It reminds me of “The Castle”, a novel written by Franz Kafka where the protagonist K inadvertently opened a new dimension of narrative after failing to enter the castle close at hand. The repetitive storyline forms an infinite cycle, with the ending and beginning being equally eloquent and thought-provoking.

8-确认版海报 线上.jpg

"Scenes": Jiang Jie, Peng Wei, Yin Xiuzhen

By Cui Cancan, Curator for the Exhibition

As the eighth project of “Nine-Tiered Pagoda”, “Scenes” is the first exhibition designed all by females to explore the individual consciousness and identity difference in art, architecture, and design, with “perception” serving as the primary tool to understand the world. The exhibition is based on the works of three artists, namely Jiang Jie, Peng Wei and Yin Xiuzhen, with the architect Xu Tiantian creating the space and graphic designer Xiao Mage in charge of posters and other visual systems.


Jiang Jie, This is drama, size variable, Cloth, iron, mirror, fish net, xanthium, gypsum, white tile (15x15cm), 2021

Pajamas, mirrors, xanthium and fish nets are the images in Jiang Jie’s works. The high-hanging clothes, the reflection in the mirrors, as well as the layered screens are pushing these images into the space to form a similar scene. Compared with the ordinary hotel room normally with two pajamas, the extra piece hanged in the exhibition hall is going to stand out easily. In the world of “Scenes”, even the slightest difference can inspire a myriad of imaginations. 


Peng Wei, We need story–Tower 6, 138x70cm, Ink on Paper, 2021

Peng Wei’s works come from different periods of her creation, presenting sceneries and buildings on the body, the emotional life in the shoes, as well as the overlapping stories in the tower. The originally independent objects are stringed together with the clue of “female”. “The One in My Dreams” seems to provide another answer. Su Xiaoxiao meets a Russian poetess who lived in a completely different era, but finds that they two share an inexplicably similar scene. The perception of dreams weaves the story of desire.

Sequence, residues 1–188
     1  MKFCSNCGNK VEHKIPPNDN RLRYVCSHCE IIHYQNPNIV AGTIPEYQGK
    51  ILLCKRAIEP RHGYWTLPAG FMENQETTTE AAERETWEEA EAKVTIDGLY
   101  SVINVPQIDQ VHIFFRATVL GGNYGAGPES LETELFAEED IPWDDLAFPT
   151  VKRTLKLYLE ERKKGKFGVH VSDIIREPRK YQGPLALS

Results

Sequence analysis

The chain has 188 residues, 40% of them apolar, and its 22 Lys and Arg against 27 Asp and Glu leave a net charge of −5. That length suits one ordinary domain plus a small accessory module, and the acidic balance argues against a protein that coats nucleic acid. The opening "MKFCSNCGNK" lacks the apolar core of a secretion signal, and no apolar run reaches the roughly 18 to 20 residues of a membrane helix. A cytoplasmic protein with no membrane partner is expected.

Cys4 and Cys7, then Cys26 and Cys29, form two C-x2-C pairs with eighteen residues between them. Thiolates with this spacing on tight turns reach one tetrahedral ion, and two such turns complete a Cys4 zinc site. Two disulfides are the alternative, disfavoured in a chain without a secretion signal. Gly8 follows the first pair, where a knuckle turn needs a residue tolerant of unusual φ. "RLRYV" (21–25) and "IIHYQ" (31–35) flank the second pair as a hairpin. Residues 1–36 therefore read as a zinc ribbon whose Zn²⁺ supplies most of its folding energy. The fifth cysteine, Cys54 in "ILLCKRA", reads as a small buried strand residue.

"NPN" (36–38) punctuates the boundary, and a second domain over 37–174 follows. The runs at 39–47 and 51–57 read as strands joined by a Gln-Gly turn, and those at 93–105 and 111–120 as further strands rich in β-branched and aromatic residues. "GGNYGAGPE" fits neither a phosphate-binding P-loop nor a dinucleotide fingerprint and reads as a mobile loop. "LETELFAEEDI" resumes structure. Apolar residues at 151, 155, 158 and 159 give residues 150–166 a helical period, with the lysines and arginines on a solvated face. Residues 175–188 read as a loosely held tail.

Yin Xiuzhen, Untitled, size variable, clothes and concretes, 2009-2010

At the entrance of the exhibition, Yin Xiuzhen uses cement to freeze the flowing past that can no longer be reproduced. The cold materials and the temperature of life are becoming a certain kind of “experience”. The clothes worn carry the traces of memory, history and the times. When walking through these physical evidences of perception, viewers will revisit the scenes created therein as if they were brought back to a certain time and place.

“Scenes” describes similar settings in the works of three artists. Be it the worn cuffs, the lightly falling xanthium, or the body in the story, all these different elements enjoy the same goal: creating a moment of existence and an entrance into the world of perception, which will guide us into a space dominated by reading, perception and imagination, presenting us a virtual image of intuition and emotions. Information floats here as if all the stories were just told last night, pushing us to move forward while also luring us to stay.

Architect Xu Tiantian presents a space where “perception” is constantly transiting and transforming, from the subtlest body movement in the works, to the changing distance between the viewer and the body, and finally to the connection between individual identity and the public space. In the exhibition hall, viewers will visit a public “square” loaded with collective memories, a garden-like “curved corridor” and trivial hidden “residences” with the surging curves alternating and connecting the three spatial perceptions. They are also becoming a part of the exhibition space as their moving body resonates with the works around, sharing memories and similar occurrences.

The poster created by the graphic designer Xiao Mage cuts different spaces into modules, where the originally vague perception and differences between scenes become more distinct. Such keywords as “Nine-Tiered Pagoda”, “Magics” and “Scenes” connect the exhibition with the past, spurring endlessly illusional changes.

On the eighth floor of the “Nine-Tiered Pagoda”, thanks to the works of these participants, we’re approaching the top where “perception”, the most important element in art, architecture, and design, resides. It is the core of all visual culture which can travel through time and region, as well as through disciplines and genres. “Perception” is not a story, a text, or a form, but rather our naming of the world with visual art.

Courtesy Pingshan Art Museum.